Reducing Corruption in Public Procurement Processes
Despite the enormity of what is at stake, or perhaps because of it, public contracting might present cases of corruption, mismanagement and secrecy.
Fellows: Maria Ines Aran, João Carabetta, Wen Jian, Anna Julià-Verdaguer
Technical Mentor: Pablo Rosado
Project Manager: Josh Sidgwick
Project Partner: Dirección Nacional de Contrataciones Públicas (DNCP)
Public contracts are essential in the delivery of goods and services that people care about and depend on, such as schools, medicines, and roads. Currently, more than 400 public institutions are using Paraguay’s National Directorate of Public Contracting (DNCP) online platform to publish their public tender processes, which results in more than 13,000 processes every year.
Despite the enormity of what is at stake, or perhaps because of it, public contracting might present cases of corruption, mismanagement and secrecy. Scandals from failed contracting processes still persist: cost overruns in the procurement of goods and services, tender documents addressed to companies related to the environment of power, contract breaches, conflict of interest in awarding bids, signs of collusion.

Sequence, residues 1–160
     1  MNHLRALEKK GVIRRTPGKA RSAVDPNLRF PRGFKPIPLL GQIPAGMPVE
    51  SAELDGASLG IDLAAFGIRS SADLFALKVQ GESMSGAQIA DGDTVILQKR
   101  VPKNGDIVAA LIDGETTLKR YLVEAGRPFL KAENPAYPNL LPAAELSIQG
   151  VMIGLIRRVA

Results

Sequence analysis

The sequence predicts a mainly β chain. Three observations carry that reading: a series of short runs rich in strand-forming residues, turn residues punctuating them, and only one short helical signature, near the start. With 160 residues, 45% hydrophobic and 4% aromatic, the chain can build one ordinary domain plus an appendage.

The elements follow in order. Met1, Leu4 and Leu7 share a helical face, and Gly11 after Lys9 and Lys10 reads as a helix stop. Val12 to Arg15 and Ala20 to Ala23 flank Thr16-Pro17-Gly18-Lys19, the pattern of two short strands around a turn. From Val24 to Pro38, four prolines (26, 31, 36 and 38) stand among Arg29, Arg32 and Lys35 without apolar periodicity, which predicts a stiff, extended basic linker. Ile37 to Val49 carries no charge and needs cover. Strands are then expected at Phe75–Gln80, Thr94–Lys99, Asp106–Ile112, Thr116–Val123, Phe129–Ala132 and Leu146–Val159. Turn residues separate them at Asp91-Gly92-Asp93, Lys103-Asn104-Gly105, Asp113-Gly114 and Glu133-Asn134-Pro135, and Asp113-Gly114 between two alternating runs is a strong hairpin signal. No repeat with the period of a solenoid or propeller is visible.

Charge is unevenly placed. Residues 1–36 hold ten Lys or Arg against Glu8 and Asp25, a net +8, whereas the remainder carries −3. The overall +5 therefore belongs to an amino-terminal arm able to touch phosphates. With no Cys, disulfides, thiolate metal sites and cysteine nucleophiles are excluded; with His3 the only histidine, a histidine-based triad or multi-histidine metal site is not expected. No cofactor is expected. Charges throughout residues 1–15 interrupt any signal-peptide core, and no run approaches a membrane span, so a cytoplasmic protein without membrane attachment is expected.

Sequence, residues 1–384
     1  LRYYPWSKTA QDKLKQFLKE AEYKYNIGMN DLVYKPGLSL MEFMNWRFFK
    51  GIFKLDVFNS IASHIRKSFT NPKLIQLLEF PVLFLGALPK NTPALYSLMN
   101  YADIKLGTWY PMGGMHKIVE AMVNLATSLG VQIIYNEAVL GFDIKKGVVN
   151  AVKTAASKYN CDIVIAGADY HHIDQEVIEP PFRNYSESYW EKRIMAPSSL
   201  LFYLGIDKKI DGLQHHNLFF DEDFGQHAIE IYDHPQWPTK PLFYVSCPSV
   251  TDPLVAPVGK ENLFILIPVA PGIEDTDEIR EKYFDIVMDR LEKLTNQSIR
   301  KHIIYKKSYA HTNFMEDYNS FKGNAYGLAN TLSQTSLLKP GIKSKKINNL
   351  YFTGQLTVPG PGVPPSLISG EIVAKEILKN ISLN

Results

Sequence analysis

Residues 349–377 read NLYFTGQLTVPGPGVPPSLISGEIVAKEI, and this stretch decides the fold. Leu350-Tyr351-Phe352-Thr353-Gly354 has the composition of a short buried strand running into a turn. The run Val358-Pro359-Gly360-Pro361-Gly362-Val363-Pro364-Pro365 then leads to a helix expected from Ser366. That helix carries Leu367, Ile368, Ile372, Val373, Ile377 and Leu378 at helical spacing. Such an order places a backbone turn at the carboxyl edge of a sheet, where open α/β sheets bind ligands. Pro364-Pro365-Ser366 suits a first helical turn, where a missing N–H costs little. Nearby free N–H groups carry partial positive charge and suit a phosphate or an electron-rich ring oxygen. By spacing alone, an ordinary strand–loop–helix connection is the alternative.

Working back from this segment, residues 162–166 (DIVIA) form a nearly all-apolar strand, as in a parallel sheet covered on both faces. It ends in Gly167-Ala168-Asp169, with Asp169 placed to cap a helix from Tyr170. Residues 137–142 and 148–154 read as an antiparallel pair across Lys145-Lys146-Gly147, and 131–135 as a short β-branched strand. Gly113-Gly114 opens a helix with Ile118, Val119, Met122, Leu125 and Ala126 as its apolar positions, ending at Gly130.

There is a very rich information that so far is underutilized for public spending design, monitoring, and evaluation. DNCP is looking to apply data science techniques to better formulate evidence-based public procurement policies. The goal of this project is to find and reduce potential anomalies in public tender documents and improve the quality of public procurement.